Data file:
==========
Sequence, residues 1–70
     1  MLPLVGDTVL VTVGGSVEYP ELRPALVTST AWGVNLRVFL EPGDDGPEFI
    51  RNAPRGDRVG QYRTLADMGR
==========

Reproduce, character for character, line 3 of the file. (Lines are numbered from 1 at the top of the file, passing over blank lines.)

    51  RNAPRGDRVG QYRTLADMGR